What we Know About CVS Health Leader: Karen Lynch
The name Karen Lynch may not bring up immediate recognition. Or maybe it does. In the early days of the pandemic, Lynch became CEO of CVS Health, a long-planned transition for her to replace Larry J. Merlo in his retirement. Merlo oversaw decades of success and his career is most marked by his influential decision to remove cigarette sales from CVS pharmacies. Stepping into the CEO role made Karen Lynch the highest-ranking female chief executive on the Forbes 500 list. She came into the position early in 2020, making her navigation through the pandemic squarely on her shoulders. Karen Lynch has an undergrad degree from Cornell and MBA from Boston College.
She was raised by a single mother until the age of twelve when she lost her mother to suicide, at which point she and three siblings were raised by their mother’s sister. In her early twenties, Lynch lost her aunt to breast cancer, lung cancer, and emphysema. Lynch’s husband, Kevin Lynch, is a founder of the Quell Foundation, a non-profit with the aim to remove the stigma from mental health conditions and reduce suicide, overdose, and incarcerations of those with mental health diseases. (Wikipedia)
Before joining CVS, most of Karen Lynch’s career was predominantly in health insurance. Her rise in CVS was ushered in by her ability to bring Aetna under the CVS umbrella. When CVS acquired Aetna because of Lynch – CVS transitioned into “CVS Health”. Karen Lynch may stay out of the public eye, but she plans on leading CVS Health into a one-stop-all store that accomplishes every need for everyone. Essentially, it’s the Wal-Mart model for pharmacies. One small hiccup in this utopian universe where CVS streamlines all our medication needs: When the pharmacy and the insurance are the same company, it’s straight-up unregulated vertical integration.
The most iconic case of the US court system ruling against vertical integration is when the Hollywood studio system was destroyed on the grounds that the studios owned the writers, producers, actors, and distribution rights to every movie they made. Actos signed contracts with studios that lasted for years that stipulated how they did their hair and who they dated. It was ruled that Hollywood needed 3rd party distributors (ie independent movie theaters to choose what to show) because when studios owned the theaters it was a vertically integrated monopoly.
When it comes to drugs, the consequences of a vertical integration monopoly are a little more serious than Hollywood contracts. CVS customers will be incentivized towards an Aetna insurance plan, and the Aetna insurance plan will price gouge patients in favor of CVS.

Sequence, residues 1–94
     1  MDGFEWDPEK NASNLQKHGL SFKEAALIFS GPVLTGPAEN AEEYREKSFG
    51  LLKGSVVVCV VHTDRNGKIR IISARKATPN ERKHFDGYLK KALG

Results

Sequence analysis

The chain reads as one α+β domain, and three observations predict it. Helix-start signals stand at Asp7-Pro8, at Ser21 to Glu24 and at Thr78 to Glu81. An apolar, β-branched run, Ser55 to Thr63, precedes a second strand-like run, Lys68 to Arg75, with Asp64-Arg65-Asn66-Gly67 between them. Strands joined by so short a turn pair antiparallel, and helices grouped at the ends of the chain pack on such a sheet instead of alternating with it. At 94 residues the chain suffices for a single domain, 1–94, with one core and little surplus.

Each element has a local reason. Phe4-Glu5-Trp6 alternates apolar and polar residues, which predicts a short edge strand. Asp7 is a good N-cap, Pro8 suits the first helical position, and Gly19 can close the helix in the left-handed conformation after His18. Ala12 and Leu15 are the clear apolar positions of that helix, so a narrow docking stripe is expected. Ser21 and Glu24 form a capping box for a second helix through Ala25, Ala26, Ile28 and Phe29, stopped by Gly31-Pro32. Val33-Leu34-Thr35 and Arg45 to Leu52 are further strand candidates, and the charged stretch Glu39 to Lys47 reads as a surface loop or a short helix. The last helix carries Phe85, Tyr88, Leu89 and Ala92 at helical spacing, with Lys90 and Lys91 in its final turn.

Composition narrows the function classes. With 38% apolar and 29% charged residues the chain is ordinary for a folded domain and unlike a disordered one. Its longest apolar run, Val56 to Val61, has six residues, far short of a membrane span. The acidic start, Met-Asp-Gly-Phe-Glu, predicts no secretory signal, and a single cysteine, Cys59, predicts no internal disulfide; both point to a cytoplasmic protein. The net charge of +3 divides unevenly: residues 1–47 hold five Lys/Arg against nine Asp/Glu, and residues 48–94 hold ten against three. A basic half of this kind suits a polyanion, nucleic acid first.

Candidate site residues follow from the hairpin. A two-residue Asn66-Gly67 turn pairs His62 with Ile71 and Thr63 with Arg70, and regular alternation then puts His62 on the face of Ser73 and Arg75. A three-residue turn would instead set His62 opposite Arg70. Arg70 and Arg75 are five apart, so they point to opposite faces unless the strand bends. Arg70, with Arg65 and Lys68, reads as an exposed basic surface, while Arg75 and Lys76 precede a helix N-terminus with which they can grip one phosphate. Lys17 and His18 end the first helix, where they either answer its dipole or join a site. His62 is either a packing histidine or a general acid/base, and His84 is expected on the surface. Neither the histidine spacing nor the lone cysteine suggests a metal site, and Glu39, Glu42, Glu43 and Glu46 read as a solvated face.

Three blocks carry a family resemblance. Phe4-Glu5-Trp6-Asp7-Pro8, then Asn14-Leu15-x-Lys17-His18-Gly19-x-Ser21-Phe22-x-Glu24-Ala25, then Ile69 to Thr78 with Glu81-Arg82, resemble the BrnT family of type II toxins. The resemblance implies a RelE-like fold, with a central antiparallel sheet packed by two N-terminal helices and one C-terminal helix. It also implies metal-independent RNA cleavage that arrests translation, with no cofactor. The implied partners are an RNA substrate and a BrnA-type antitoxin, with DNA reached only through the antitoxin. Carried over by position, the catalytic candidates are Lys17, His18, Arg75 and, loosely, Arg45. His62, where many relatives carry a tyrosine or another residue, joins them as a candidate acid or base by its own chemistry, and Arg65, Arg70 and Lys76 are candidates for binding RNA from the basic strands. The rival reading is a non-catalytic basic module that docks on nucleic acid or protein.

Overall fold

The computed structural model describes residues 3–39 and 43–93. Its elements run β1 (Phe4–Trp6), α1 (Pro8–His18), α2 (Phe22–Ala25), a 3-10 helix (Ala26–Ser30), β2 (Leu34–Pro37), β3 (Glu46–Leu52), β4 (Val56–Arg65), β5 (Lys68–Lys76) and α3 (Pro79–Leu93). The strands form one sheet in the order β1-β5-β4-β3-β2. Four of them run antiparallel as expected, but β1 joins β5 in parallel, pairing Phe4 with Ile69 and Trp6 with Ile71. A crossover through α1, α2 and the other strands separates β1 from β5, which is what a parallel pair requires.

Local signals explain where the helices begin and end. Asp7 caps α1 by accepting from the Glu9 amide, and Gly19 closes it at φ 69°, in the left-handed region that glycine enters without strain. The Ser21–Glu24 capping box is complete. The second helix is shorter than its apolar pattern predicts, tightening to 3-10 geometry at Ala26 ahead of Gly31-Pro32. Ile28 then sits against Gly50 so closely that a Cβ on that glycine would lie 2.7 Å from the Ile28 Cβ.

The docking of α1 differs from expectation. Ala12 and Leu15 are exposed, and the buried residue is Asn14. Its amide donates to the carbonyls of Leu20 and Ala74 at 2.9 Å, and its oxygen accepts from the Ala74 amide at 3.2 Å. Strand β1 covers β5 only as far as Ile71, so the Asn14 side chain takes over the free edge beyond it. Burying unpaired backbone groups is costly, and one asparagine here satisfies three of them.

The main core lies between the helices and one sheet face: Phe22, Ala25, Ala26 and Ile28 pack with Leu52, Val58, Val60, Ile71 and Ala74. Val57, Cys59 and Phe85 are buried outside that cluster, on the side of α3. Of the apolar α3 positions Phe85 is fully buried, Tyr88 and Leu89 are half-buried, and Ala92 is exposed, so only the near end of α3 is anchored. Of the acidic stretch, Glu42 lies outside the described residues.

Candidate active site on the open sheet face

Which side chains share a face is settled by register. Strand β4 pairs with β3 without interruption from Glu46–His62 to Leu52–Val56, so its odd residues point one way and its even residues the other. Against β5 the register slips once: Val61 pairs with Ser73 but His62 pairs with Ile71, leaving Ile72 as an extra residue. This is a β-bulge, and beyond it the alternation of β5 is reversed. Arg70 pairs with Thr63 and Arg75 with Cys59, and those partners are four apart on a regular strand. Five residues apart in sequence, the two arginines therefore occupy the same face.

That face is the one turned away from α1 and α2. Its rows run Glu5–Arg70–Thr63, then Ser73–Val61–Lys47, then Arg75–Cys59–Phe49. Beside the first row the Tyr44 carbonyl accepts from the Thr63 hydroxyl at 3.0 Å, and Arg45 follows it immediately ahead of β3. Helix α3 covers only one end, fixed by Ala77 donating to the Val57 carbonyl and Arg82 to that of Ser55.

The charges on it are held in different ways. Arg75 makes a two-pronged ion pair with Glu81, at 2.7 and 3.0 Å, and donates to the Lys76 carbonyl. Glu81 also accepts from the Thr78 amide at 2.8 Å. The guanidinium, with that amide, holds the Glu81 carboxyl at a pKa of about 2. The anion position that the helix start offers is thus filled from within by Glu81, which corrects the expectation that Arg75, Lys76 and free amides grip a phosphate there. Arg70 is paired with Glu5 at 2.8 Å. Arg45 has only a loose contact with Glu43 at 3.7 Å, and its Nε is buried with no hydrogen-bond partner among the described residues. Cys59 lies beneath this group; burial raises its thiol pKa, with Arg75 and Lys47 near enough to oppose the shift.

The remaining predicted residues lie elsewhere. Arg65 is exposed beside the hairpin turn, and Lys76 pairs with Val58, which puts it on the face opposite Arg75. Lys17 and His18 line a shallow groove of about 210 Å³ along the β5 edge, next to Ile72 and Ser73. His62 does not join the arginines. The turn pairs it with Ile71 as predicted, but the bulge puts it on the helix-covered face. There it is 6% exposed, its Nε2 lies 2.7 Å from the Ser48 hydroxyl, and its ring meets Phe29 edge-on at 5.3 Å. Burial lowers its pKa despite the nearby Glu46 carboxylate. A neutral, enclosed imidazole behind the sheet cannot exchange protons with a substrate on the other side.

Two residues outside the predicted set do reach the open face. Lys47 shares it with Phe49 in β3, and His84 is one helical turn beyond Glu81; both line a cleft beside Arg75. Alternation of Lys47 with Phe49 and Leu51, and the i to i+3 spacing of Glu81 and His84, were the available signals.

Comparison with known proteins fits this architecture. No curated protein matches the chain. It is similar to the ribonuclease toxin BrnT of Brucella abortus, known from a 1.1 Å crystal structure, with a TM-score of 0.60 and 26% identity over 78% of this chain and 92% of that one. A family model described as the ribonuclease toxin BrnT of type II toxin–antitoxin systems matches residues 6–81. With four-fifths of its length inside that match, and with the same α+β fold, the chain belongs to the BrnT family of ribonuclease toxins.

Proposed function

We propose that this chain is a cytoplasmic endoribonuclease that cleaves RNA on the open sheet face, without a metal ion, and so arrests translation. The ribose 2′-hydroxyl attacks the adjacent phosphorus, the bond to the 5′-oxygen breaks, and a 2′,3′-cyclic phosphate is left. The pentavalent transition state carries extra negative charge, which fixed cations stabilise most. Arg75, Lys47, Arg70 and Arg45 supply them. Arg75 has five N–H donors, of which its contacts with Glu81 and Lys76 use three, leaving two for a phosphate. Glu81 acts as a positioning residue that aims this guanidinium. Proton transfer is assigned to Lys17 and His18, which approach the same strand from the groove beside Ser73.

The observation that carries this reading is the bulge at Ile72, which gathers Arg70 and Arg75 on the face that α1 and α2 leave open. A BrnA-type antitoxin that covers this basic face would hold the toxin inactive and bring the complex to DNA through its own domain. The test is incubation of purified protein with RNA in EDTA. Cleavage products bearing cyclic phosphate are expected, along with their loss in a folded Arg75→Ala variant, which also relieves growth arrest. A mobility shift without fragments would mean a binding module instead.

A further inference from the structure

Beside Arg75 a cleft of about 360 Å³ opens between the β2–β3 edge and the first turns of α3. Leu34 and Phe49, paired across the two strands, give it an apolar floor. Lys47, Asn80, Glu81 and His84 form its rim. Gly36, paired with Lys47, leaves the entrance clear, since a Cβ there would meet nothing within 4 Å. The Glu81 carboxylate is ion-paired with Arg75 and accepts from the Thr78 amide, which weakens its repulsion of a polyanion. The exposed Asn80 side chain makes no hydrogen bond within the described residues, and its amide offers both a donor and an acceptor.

CVS has been taken to court for not providing patients with available generic drug options by fraudulently claiming the affordable drug option “wasn’t on their insurance plan”. The following is an exert from a 2020 NYT interview with Karen Lynch:
NYT: When it comes to insurance, many people would say that more public options would go a long way toward reducing healthcare costs. Why is it that CVS is so opposed to things like Medicare for All, the public option, and other public health insurance measures? Karen: Let’s just look at Medicare Advantage, for example. That’s a program that is working, and it’s private-sector-led, even though it’s government-funded. With the private sector, you have more opportunities for competition and opportunities for innovation and more opportunities to create new paradigm shifts in health care. And so that’s why we’ve been opposed to these public options because we really believe that the private sector will continue to innovate.
NYT: But we’ve had decades of private control and competition, and it hasn’t gotten us the desired outcome. Why should people believe that more of the same is going to produce a different outcome? Karen: What makes you think the government would be better at it? Just look at the number of government programs that aren’t working as effectively as they should. So. Do we know Karen Lynch? No, we don’t. With her personal history, it’s understandable that she would use her success to change mental health care. But her personal history doesn’t outweigh how much CVS will profit by conflating mental health drug prescriptions. Especially in the age of telehealth, Karen Lynch's direction for CVS Health looks like a new vertically integrated monopoly where CVS Health covers your health insurance, can prescribe several types of medication at Minute Clinics or via telehealth that maximizes insurance profit gains, and then deliver the medications directly to the patient without a doctor or any third party oversight. Like any human, the motives of Karen Lynch are impossible for us to determine. Her intentions may be contradictory in nature. Karen Lynch is exemplary in her dichotomy of having come from tragedy to one of the most successful women in America today. On one hand, she is to be applauded for her achievement, but that's not without keeping a realistic eye on the repercussions of how she is personally reshaping American healthcare into even more of a corporate monopoly at patient's disadvantage.